Couple united by love, calling

Published 12:00 am Thursday, February 14, 2002

Salvation Army Capts. Julia and John Showers are among Valentine’s Day gifts in the fellowship hall of the Salvation Army Citadel on Mission 66. (The Vicksburg Post/C. TODD SHERMAN)

[02/14/02] Three proposals and three weddings united Capts. John and Julia Showers and their work as officers of the Salvation Army brings them together 24 hours a day, seven days a week.

“We both are ordained ministers, we carry the same rank and powers, we work together and we still go home together,” said John Showers, who manages the Salvation Army center on Mission 66 with his wife of seven years.

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“People find out we work together and say How do you do that?,'” he said.

“We can’t imagine not working together. To have separate jobs would be strange to us,” Julia Showers said.

Even for the Salvation Army, where spouses are required to be in the service of the church, their situation is unique.

“In the Salvation Army, both of us are ordained ministers,” John said.

“It just so happens that we are equal,” Julia said.

They met in 1991 at officers’ training college in Atlanta, a two-year, in-residence training program for cadets to become ordained ministers and commissioned officers in the Salvation Army.

The organization was founded in London in 1865 by William Booth, a former Methodist minister. It is a formal church structured on military principles. “There are a lot of people who don’t realize that it is a church,” John said. Often, the organization’s service programs, including feeding the hungry and disaster relief, capture the spotlight. But the Salvation Army has regular Sunday worship services, too.

On the first day of class, the two met when he helped her move into the dorm. They became good friends. “We had classes together. Although we never dated for the two whole years we were there,” John said.

Mutual friends recognized their compatibility. “The teachers, even the principal, told us we needed to date,” he said.

Instead of asking her out, John took a different tactic.

During their second year “when we were dating other people,” Julia is quick to point out John passed her a note in class. “Marry me,” it read.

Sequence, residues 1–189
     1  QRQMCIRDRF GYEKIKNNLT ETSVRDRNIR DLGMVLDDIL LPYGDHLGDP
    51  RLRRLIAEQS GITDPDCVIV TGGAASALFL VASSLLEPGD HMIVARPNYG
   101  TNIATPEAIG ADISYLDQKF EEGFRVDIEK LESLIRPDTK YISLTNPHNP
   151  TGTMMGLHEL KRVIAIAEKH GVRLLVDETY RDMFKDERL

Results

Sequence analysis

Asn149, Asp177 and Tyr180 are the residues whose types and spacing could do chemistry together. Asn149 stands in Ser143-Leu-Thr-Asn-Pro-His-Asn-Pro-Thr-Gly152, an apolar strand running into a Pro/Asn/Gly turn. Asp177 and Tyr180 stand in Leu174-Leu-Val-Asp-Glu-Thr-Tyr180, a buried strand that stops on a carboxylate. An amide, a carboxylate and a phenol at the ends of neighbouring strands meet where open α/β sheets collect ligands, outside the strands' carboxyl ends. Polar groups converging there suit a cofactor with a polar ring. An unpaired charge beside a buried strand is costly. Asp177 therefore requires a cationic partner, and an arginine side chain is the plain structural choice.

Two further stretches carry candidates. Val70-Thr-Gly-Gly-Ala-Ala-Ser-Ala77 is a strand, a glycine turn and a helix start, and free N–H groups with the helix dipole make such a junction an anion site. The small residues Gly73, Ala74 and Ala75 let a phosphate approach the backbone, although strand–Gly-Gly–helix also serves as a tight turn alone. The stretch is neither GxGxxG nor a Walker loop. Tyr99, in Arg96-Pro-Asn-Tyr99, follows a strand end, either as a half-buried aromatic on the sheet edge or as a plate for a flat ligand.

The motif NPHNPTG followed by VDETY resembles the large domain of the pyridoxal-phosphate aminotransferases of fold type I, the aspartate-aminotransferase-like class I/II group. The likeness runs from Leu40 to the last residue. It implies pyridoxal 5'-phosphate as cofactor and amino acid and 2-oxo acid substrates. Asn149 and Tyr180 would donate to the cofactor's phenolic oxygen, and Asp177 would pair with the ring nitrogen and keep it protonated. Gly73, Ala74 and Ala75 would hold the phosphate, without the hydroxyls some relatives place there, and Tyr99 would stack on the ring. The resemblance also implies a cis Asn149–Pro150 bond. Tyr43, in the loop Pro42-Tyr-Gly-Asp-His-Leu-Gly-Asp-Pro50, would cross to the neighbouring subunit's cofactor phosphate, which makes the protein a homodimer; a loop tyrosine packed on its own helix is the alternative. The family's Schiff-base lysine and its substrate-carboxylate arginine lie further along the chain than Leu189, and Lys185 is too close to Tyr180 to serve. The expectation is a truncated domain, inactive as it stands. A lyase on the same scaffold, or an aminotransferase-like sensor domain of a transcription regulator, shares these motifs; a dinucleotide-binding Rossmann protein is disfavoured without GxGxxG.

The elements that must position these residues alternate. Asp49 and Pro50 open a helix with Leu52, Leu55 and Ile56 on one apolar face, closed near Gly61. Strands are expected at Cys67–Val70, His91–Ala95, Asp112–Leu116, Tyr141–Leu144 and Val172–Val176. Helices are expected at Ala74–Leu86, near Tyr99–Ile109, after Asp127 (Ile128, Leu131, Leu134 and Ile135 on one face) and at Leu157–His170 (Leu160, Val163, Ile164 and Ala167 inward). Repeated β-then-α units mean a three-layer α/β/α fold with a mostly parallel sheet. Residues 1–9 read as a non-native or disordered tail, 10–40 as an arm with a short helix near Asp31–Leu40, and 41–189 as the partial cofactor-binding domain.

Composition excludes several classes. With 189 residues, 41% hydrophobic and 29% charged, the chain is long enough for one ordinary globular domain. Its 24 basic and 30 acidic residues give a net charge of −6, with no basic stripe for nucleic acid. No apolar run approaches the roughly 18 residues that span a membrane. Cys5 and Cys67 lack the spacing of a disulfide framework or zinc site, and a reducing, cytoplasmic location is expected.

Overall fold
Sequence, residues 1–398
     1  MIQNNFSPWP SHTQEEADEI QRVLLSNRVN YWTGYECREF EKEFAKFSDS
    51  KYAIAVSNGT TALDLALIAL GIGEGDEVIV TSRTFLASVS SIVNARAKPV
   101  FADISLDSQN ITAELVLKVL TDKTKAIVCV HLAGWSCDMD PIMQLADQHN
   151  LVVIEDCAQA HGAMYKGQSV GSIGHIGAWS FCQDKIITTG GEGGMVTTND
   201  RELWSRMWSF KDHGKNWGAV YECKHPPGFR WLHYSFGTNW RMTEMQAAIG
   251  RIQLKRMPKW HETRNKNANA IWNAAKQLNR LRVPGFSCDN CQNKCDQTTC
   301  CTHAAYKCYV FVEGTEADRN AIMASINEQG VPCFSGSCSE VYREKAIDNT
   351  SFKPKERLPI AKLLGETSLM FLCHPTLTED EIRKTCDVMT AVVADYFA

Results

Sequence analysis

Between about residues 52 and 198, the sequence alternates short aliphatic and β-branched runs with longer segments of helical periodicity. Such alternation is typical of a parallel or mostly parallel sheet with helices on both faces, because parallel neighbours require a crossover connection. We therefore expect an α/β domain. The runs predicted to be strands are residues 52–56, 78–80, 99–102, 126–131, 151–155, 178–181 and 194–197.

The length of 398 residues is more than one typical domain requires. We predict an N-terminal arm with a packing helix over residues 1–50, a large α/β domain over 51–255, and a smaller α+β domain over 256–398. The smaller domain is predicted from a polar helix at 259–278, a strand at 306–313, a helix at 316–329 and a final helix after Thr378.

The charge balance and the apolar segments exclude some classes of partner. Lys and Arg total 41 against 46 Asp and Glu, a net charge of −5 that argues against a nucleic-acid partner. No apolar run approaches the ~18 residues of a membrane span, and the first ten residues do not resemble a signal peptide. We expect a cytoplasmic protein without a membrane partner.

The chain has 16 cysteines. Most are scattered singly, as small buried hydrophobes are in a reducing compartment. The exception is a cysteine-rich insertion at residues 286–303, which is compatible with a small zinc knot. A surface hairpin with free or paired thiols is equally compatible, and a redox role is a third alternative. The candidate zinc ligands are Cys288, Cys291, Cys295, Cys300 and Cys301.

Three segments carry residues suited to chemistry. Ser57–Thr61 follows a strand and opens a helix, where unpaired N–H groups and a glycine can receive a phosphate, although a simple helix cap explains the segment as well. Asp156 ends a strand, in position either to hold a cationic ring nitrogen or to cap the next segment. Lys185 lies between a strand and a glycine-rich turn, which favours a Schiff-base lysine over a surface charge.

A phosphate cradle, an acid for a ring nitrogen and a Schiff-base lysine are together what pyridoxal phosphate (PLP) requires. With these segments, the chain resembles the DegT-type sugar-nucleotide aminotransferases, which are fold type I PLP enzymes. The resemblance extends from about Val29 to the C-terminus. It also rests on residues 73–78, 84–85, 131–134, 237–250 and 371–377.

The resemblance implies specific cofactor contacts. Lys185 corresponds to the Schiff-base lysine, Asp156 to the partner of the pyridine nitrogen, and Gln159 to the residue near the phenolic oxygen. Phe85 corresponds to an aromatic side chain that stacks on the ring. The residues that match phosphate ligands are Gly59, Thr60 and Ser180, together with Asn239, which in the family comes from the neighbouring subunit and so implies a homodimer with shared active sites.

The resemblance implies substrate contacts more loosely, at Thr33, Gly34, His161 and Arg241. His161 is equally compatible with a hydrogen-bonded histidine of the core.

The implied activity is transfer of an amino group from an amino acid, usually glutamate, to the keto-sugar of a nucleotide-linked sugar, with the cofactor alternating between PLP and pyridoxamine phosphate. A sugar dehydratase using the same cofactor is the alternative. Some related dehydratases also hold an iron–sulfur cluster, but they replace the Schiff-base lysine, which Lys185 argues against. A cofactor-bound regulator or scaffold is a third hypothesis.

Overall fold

“I thought he was joking,” she said.

He really wasn’t.

“We had mutual friends and we were always together. I found myself more and more interested in her,” he said. “One day during history class, I passed her a note to see what her response would be and she said no.'”

After graduation, both were assigned missions n Julia in Monroe and John in Temple, Texas. They kept in touch, and a year later, reconvened in Atlanta with the rest of their graduating class for a week of study.

On the second day of class, John was at it again.

After lunch, Julia walked into the classroom to find John had written on the chalkboard “Will you marry me?”

“I thought it was a joke,” Julia said, with a laugh about rebuttal No. 2. “I was embarrassed and said no.'”

But John didn’t give up. Soon after their meeting, John “bit the bullet,” he said. He bought her a ring and then formally called to ask her for a date their first.

They met in Florida where they were visiting friends and family. “She went to the store,” he said, “and I froze the ring in an ice cube.” The plan was to serve it in her dinner glass that evening.

“She drank from the cup and didn’t see it,” he said. After about 30 minutes, she finally spotted it. When she did, he asked her for her hand a third time.

Only Julia couldn’t answer. “I got up from the table and left. He was in shock,” she said. “But I got my composure back and said yes that time.”

The Salvation Army requires couples to wait six months from their engagement until they marry, so barely a week after the required waiting period, they tied the knot three times.

On April 30, 1995, in Fredericksburg, Va., they donned their Salvation Army uniforms an organizational requirement in a private ceremony to make it official. But Julia wanted the traditional, white-dress wedding. So an hour later, after breaking for lunch, the two were married again, “with all the guests,” she said.

The newlywed couple then went back to McComb, where John had been transferred so they could work together. “At the church in McComb, the people wanted us to get married again,” she said. “They thought it would be good for the (congregations’) kids to see the two of us get married.” Wedding No. 3.

From McComb, the couple was transferred to Houma, La., and then to Vicksburg, arriving in January 1998, with daughter, Amber. “We’ve been here 4 1/2 years, which is long compared to others,” Julia said.

They expect a transfer soon.

Until then, they will continue taking turns preaching the gospel of the Salvation Army and running the food services, thrift store and other programs the organization has provided Vicksburg for 115 years.

The Army’s marriage requirement is controversial for some, but for John and Julia, it makes sense.

“It’s really a 24-hours, seven-day-a-week job,” John said.

“It’s important that we both have that same calling in our lives,” Julia said.